Chinese Scientists Unfazed by US Hi-Tech Investment Ban: Resilience Shines

Chinese Scientists Unfazed by US Hi-Tech Investment Ban Resilience Shines
Image Courtesy: Pexels

A US ban on investment in certain sensitive technologies in China will have a limited impact since these areas have become less reliant on American funds in recent years, according to Chinese scientists.

President Joe Biden signed an executive order on Wednesday to block US dollars from flowing to Chinese semiconductors and microelectronics, quantum information tech and certain artificial intelligence systems – the latest move to blunt China’s access to such technologies.

Rapid advancement by “countries of concern” in these areas “significantly enhances their ability to conduct activities that threaten the national security of the United States”, according to the order.

It also claims the countries are exploiting or have the ability to exploit certain US outbound investments, including certain intangible benefits to help companies succeed.

China, along with its special administrative regions of Hong Kong and Macau, was the only country of concern noted in the emergency declaration.

Li Zhimin, deputy president of the ministry-affiliated National Centre for Science and Technology Evaluation, said the restrictions had “more political significance”, noting that the US had long been wary of Chinese advances in these sectors.

The US Treasury Department said it was considering a ban on investments in Chinese electronic design automation software or semiconductor manufacturing equipment; the design, fabrication or packaging of advanced integrated circuits; and the installation or sale of supercomputers.

American investments in Chinese quantum computers, certain quantum sensors, and quantum networking and communication systems could also be banned.

US Treasury is also considering introducing notification requirements for US investments in Chinese entities working on software that incorporates an AI system and could have military or intelligence applications.

China’s tech industry has long been a destination for US venture capital, but it has slowed dramatically as geopolitical tensions increased.

Previously, [the US] had some investments in the semiconductor industry but that has stopped,” Li said. “Investing in the fields of quantum technology or artificial intelligence ceased four or five years ago.”

Several Chinese scientists working in quantum technology agreed.
“Chinese firms in this field do not rely on foreign investment so the new restrictions from the US will have little influence on us,” said Wang Chao, general manager of XT Quantech, which is based in Shanghai and uses the technology to provide information security solutions.

He also said semiconductors and AI in China had become less reliant on US investment in recent years.

A Chinese quantum physicist who founded a start-up was unsurprised by the latest ban. The scientist, who spoke on condition of anonymity, said he had turned down an offer from several American venture capitalists four years ago because he was concerned it could bring trouble as relations worsened between the US and China. The deal would have involved disclosure and exchange of sensitive technology.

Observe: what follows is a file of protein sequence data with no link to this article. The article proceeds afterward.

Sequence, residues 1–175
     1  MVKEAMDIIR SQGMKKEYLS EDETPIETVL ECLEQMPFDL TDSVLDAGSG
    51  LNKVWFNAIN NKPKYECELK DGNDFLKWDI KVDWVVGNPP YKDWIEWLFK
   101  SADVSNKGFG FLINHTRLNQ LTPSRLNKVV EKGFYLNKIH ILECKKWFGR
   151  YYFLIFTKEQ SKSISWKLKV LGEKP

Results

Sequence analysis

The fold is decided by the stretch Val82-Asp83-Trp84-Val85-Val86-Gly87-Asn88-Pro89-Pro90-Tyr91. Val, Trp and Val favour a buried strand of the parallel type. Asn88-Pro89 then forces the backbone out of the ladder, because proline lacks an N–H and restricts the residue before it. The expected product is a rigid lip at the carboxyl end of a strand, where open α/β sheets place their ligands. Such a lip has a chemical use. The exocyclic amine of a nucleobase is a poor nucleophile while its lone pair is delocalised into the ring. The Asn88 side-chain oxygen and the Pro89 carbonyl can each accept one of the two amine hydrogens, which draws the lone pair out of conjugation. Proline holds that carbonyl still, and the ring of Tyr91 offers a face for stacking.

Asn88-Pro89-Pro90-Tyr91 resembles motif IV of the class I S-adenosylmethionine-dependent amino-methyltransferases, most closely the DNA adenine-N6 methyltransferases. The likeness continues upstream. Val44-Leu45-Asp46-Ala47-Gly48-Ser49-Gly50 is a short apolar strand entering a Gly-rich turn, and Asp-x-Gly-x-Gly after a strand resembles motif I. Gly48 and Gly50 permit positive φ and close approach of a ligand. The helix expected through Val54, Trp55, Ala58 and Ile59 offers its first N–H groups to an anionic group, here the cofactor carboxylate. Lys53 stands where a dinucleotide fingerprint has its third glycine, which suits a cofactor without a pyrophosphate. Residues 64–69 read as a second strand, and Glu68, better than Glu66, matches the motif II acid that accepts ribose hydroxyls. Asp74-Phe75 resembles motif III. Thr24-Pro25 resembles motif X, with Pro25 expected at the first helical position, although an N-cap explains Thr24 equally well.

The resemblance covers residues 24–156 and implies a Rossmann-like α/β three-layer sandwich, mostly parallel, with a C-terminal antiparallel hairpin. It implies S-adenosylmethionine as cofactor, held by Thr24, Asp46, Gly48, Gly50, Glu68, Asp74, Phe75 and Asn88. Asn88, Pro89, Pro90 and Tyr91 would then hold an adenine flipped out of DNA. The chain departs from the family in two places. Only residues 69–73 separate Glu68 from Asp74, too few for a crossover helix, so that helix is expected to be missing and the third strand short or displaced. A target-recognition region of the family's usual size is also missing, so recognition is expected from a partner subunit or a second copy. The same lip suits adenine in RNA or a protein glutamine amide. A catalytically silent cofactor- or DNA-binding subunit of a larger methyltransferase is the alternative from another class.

As Beijing directs more funding into science and technology to meet its goal of self-reliance, some see the latest restrictions as an opportunity.

“China will continue to advance its technologies and is firmly supporting home-grown alternatives, so the withdrawal of US capital is a chance for us to step in,” said one investor in Shanghai focused on Chinese hi-tech firms.

Li from the ministry-affiliated centre also said the order could motivate Chinese scientists and that could “give a boost to these industries”. But he said those working overseas who had planned to return to China may now reassess their options.

According to Zeng Liaoyuan, from the University of Electronic Science and Technology of China in Chengdu, universities and research institutes are prepared for the restrictions.

“We won’t feel intimidated or devastated,” said Zeng, an associate professor of information and communication engineering. “We will continue to find ways to enhance China’s technological strength in these areas.”

But the tech rivalry between the two powers has had an impact in China. The quantum physicist said it was a pity that scientists found themselves in what he called a “lose-lose” situation, and that his start-up had been unable to source essential components from the US in recent years.

Sourcing parts has also been a problem for other Chinese companies. One researcher gave the example of Origin Quantum, a major Chinese player in quantum technologies.

“Origin Quantum used to say it should be able to build a quantum computer with hundreds of qubits,” said the researcher, who does not work for the company, referring to the basic units of information. “So far it has only built a computer with more than 70 qubits.”

Previous ArticleNext Article

Related Posts